Mandatory TB Testing Required for Visitors from 6 Nations to Help Japan Maintain Low Incidence of Disease

Japan to require tuberculosis tests for foreigners from specific Asian countries from 2024

In an effort to prevent the spread of tuberculosis into Japan, the government has announced plans to implement new measures for foreigners from six Asian countries wishing to stay in Japan for medium- to long-term periods.

The requirement was initially set to come into effect in July 2020 but was postponed due to the COVID-19 pandemic. As of fiscal 2024, travelers from the Philippines, Vietnam, Indonesia, Nepal, China, and Myanmar will be required to undergo tuberculosis tests before entering Japan.

Those unable to provide documentation proving they are not infected with the disease will be denied entry, with the intention of safeguarding Japan from potential tuberculosis cases originating from overseas.

According to reports, the six aforementioned countries represent about 80% of all foreign tuberculosis patients diagnosed in Japan, sparking the need for these preventative measures.

For individuals planning to stay in Japan for over three months, the government will mandate chest X-rays and other tests at designated medical facilities in their home countries. A certificate confirming they are tuberculosis-free will also be compulsory, without which a visa will not be issued.

The move comes amidst a decline in tuberculosis cases in Japan, falling below the World Health Organization’s standard for low tuberculosis incidence for two consecutive years. This decline is attributed to increased preventative measures and a decrease in foreign arrivals during the pandemic.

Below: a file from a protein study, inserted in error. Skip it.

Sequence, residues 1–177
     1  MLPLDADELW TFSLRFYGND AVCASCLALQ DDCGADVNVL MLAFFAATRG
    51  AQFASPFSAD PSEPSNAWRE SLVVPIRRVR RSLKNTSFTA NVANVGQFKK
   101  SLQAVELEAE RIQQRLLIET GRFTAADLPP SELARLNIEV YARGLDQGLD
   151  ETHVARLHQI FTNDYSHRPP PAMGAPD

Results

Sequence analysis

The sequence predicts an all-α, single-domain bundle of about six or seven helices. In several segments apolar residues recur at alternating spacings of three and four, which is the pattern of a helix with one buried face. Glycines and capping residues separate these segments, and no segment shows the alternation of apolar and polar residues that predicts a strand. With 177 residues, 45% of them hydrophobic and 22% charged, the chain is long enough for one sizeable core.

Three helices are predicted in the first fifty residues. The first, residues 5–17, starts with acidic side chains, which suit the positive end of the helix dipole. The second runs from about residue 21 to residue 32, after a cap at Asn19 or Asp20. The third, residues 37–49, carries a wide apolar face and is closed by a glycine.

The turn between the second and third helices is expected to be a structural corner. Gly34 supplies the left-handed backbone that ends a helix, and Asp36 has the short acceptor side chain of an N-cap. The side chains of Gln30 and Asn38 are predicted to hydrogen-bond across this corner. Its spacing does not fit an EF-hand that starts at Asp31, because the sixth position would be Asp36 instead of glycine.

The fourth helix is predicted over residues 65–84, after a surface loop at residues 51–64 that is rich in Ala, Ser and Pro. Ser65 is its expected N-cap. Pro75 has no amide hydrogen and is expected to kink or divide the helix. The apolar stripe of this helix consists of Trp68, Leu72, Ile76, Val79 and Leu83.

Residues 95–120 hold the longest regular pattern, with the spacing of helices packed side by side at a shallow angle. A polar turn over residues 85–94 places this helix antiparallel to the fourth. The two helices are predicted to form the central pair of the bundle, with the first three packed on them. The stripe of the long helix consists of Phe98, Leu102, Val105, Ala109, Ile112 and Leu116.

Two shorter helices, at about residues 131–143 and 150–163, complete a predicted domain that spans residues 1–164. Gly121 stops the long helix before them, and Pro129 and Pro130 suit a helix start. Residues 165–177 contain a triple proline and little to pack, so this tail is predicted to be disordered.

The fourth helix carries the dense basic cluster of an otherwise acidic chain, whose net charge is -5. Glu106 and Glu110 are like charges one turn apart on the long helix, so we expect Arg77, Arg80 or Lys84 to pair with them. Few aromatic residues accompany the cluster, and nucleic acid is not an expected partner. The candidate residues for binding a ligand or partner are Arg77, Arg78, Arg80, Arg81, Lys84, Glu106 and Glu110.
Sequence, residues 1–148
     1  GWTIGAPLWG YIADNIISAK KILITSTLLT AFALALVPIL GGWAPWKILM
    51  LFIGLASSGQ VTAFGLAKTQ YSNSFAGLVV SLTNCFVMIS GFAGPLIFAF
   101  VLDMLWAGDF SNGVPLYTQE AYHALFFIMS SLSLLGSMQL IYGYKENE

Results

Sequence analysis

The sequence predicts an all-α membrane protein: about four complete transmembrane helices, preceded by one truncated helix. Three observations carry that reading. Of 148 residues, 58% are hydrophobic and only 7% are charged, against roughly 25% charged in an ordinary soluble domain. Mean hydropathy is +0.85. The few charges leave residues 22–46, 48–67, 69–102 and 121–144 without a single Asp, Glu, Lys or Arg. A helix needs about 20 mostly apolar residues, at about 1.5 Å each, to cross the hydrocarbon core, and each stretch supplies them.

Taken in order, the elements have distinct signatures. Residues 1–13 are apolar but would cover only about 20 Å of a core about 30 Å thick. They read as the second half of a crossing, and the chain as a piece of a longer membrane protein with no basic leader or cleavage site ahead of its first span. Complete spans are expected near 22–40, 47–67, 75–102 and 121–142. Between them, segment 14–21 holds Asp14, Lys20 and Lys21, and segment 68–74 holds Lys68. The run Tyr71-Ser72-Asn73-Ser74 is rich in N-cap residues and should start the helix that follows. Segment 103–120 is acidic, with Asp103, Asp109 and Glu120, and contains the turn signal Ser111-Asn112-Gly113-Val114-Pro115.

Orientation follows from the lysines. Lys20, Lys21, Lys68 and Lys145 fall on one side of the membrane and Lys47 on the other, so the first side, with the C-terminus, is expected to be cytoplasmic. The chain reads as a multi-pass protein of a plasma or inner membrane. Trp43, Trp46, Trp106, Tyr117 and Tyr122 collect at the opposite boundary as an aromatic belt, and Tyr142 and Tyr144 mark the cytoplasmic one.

Foreigners accounted for approximately 10% of new tuberculosis cases in Japan, prompting the government to tighten border controls and implement targeted measures for specific nations with high tuberculosis rates.

The six countries in question still report high numbers of tuberculosis cases, with rates as high as 638 cases per 100,000 people in the Philippines, 475 in Myanmar, and 385 in Indonesia.

Despite a decrease in foreign arrivals due to the pandemic, the number is beginning to rise again as travel restrictions ease. Many of the foreign tuberculosis patients diagnosed during their stay in Japan are reportedly young individuals.

“The government wants to ensure that the disease does not develop and spread within Japan,” said an official at the Health, Labor and Welfare Ministry, emphasizing the necessity of the new measures.

Countries such as the United States, Britain, Canada, Australia, and South Korea already require similar tuberculosis testing prior to arrival. The Japanese government is reportedly coordinating with the six Asian countries to determine the specific timing of the introduction of these measures, aiming for an early implementation in fiscal 2024.

The move to introduce pre-entry tuberculosis testing for travelers from these specific Asian countries signifies Japan’s commitment to safeguarding public health and preventing the spread of infectious diseases within its borders.


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